There might be secondary assets or projects that will need to be rebranded also that aren’t a direct part of your product — e.g. white labeled products or, in Facebook’s case, the current platforms people log into with their Facebook credentials. Think about if this affects your customers, and how to avoid problems and bottlenecks later on.

User credentials — will anything change?

Will customers' usernames stay the same? Will the login process's user flow be affected in any way? To avoid disorienting users in the future and making sure they can keep using your services comfortably, it might be worth addressing this point whether or not changes to the login process lie ahead.


Is your value proposition changing?

Is your fundamental value proposition changing? Or just the visual theme of your messaging? If the VP is changing, how will this affect the product offering, and the customer experience as a result?

Can you still accommodate each customer's pain points?

What about each individual customer's pain points? Is the new brand identity one that can relate to your customer pain points? If it’s unclear, how can you approach customers directly to explain why you are still relevant to their use case?


Should customers expect a re-pricing in the near future?

Will your rebranding be followed by a re-pricing campaign or even just the names of the subscription level? Again, should you inform customers ahead of time to make sure no curveballs are thrown at them?

Will your position on the competitive landscape change?

Will these changes make your product or offering seem too similar to industry rivals? If and when explaining your changes to customers, make sure they understand how you are still the right address for their pain point, even if at first glance you now seem more similar to competitors.

Will your Terms & Conditions change?

Will your services' Terms & Conditions change? If so, should you inform existing customers or even consult with your legal counsel about what practical steps you need to take?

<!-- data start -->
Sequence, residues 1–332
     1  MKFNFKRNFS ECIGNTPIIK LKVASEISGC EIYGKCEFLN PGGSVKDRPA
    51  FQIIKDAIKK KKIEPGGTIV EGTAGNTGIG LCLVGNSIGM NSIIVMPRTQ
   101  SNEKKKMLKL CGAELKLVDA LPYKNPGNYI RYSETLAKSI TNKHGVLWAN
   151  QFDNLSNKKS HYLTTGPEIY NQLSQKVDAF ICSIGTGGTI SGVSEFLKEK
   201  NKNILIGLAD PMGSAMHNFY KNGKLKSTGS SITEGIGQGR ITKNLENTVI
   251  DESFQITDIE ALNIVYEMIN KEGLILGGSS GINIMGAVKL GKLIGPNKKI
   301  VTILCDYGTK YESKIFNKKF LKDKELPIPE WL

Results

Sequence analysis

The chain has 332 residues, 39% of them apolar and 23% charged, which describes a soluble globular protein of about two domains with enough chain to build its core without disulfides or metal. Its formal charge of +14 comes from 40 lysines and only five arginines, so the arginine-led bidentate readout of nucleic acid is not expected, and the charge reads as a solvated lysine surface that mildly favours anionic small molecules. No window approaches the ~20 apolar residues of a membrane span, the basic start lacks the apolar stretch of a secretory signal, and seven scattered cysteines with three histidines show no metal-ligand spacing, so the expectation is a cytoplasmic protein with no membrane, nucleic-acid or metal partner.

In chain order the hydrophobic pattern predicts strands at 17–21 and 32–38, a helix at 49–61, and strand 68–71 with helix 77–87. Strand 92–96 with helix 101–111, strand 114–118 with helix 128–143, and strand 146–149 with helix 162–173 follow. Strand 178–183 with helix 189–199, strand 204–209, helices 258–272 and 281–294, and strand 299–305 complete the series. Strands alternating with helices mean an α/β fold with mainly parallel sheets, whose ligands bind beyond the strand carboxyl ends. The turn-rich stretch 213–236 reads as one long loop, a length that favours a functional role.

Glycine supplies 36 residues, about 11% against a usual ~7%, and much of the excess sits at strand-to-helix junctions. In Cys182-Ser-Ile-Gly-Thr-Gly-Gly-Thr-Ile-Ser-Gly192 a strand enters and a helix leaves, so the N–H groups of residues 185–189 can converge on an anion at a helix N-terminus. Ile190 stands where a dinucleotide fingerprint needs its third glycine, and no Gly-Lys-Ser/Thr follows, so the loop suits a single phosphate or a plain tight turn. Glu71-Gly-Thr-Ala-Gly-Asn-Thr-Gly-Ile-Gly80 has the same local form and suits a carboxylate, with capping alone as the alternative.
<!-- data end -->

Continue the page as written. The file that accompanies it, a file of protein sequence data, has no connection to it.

Would your customers appreciate a “special offer” to make up for the required actions they need to take to do version updates and data exporting etc.?

If your customers do end up needing to spend time addressing product updates, they may appreciate a token of appreciation for the time they’re spending to make sure they can keep using your product. 

Let’s say your customers have a deadline for when they need to export multiple databases or spreadsheets as .CSV files to then re-upload later on. You might want to consider giving them a free product upgrade or subscription renewal to encourage them that the extra time spent will be worth it in the long run. 

Will your customers' points of contact at the company change?

A large-scale rebranding or company acquisition might have implications on the structure or operational model of your customer success or support teams. If your customers' points of contact will be replaced by a different team member, they'll need all the updated information and a comprehensive explanation of how this will change their experience.

Will your customer-facing teams still operate the same way?

Should customers expect to see changes among customer-facing teams, such as customer support and success? Will there be additional or fewer options of how to contact company representatives, or are you potentially adding a chatbot to your website or portal? These are important facts to clarify so that your customers stay fully informed.

The path to success

Whether or not you see a rebranding coming up in your future, applying the mindset of making sure your customers are confident that you’re accommodating their pain points, comfortable navigating your UI, aware of your strongest features, etc. — are all excellent ways to prevent churn and make every customer all the more loyal and devoted.